It has been well documented that women who are pregnant should avoid areas that might expose them to the mosquito-borne virus, but what is Zika virus and what risks does it carry?
“Zika virus was first detected in Africa in the 1920s,” says Dr. Petronella Adomako of McKay-Dee Hospital. “Its name, Zika, comes from the Zika forest in Uganda.”
Adomako says the first human case of the virus was detected in Uganda in 1950, but there was not a human case detected in North America until 2015.
“Zika virus tends to be transmitted by mosquitos, and the symptoms are mainly fever, rash, joint pain and sometimes pink eyes,” she says.
“The reason why we have a concern with the virus right now is the possible link to microcephaly, or birth defects in infants. Microcephaly is when the baby’s head circumference is smaller than the third percentile of their age. This can cause poor development of the brain or allow abnormalities of the brain to develop.”
Adomako says that tests have suggested a link from cases of microcephaly to the Zika virus, but they have not been confirmed.
“The idea is that we don’t want women to become exposed while they are pregnant.”
She says that women who are not pregnant and become exposed to the virus are not as at risk as those who are.
“If you are not pregnant and become exposed, you don’t have as many things to be worried about. We are still learning about the virus though. The recommendation from the CDC is that if you are thinking about becoming pregnant you should discuss with your provider before you travel to a place that has Zika transmissions.”
There have been reported transmissions in the United States, but Adomako says Utah is at less risk than other places.
“In Utah we do not have any cases of Zika virus transmissions,” she says. “This is because it is transmitted by the mosquito known as Aedes aegypti. We do not have that type of mosquito in the state of Utah. So it is unlikely that mosquito-borne transmissions would occur here.”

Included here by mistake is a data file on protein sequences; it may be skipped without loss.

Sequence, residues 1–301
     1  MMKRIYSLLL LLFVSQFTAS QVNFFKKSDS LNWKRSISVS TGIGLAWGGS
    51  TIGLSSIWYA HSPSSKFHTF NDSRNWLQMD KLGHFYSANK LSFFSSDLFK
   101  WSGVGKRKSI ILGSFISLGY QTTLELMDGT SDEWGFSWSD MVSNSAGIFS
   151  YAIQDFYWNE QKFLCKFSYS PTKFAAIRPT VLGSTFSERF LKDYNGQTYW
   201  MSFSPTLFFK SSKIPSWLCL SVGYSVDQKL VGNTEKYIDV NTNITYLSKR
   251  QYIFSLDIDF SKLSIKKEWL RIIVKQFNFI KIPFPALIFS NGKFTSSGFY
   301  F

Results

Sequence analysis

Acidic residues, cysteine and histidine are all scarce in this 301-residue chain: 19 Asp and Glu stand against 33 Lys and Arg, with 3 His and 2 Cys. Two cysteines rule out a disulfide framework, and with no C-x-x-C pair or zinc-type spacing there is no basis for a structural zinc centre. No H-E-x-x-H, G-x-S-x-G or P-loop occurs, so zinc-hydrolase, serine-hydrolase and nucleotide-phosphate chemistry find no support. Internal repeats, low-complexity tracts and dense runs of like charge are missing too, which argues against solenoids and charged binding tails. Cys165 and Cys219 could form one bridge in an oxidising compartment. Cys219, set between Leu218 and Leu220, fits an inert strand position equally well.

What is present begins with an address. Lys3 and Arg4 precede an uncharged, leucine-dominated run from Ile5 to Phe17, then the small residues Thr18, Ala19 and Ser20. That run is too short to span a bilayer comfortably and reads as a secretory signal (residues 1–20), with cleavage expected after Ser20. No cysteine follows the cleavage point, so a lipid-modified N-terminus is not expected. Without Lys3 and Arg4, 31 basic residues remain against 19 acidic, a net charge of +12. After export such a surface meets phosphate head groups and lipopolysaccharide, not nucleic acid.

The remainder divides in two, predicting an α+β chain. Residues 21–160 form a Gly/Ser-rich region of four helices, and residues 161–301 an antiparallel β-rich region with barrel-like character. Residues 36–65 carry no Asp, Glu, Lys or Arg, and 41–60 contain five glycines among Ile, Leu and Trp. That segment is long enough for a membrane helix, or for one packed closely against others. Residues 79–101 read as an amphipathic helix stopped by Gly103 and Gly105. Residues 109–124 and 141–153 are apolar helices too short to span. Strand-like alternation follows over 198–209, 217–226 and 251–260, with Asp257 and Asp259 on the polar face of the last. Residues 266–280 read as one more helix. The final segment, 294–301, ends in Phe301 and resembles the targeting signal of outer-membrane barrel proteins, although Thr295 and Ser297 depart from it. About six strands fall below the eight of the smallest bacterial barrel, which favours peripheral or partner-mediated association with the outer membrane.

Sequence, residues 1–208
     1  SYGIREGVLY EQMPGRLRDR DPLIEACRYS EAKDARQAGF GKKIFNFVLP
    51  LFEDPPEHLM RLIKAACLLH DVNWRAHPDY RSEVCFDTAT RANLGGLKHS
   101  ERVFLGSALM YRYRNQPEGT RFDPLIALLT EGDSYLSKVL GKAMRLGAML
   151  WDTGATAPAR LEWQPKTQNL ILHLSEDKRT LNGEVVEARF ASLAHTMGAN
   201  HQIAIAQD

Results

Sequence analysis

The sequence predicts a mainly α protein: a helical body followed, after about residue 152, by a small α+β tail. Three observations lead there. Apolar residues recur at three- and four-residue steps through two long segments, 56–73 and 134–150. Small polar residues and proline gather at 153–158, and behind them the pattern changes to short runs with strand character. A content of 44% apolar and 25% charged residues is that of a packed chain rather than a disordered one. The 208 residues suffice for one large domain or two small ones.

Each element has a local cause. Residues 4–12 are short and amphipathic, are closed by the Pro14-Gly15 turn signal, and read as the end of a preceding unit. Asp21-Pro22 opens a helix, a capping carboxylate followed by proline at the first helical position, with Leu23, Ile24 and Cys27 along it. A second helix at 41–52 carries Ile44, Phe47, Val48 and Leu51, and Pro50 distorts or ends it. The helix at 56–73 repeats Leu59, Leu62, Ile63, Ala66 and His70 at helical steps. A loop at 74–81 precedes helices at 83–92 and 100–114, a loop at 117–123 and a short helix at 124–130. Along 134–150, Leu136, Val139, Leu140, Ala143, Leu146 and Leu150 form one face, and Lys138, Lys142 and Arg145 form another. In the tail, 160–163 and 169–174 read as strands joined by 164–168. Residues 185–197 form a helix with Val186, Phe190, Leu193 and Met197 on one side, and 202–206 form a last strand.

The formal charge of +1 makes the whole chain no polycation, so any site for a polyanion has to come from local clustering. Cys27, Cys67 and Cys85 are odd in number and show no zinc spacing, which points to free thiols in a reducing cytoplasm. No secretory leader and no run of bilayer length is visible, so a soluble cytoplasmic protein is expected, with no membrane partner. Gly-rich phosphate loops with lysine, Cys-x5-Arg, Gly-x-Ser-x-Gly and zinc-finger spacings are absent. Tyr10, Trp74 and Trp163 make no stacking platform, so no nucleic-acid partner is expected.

Mosquitos are not the only way the virus is transmitted, however. Adomako says it can be transmitted sexually and through bodily fluids.
“We believe it can be transmitted sexually,” she says. “Zika virus has been detected in semen, and there was a case in Texas where a woman who had been with a man who was infected tested positive.”
She says that women who are pregnant can transmit the virus to their unborn babies as well. The virus can also be transmitted through blood transfusions. She says being aware of the risks and taking proper precautions is important.
“Even if a male partner travels to an area with Zika transmissions, the couple should practice safe sex or even abstain during the duration of the pregnancy.”
The suspected incubation period for Zika virus is approximately two weeks, says Adomako. She says symptoms can start appearing after that time. She says people showing symptoms after traveling to a place with Zika transmissions can be tested for the virus, but it is not required for everyone.
“The populations we are concerned with now are the pregnant people due to the risks of microcephaly. If those women have been to affected areas and demonstrate the symptoms we recommend they see a health care provider and be tested.”
Adomako says those who have been infected and treated typically can build immunity to the virus.
“Once you have been infected and the body has fought off the infection, the body builds an immune response,” she says. “Most people tend to be a-symptomatic meaning many people who are exposed might not show symptoms.”
Risk of Zika
The risk is low for Zika transmission in Utah, but it does exist. If you are planning on traveling to an affected area, talk it over with your healthcare provider. Protective clothing and mosquito repellent can help keep the risk at bay, and taking proper precautions can help prevent an infection from the Zika virus.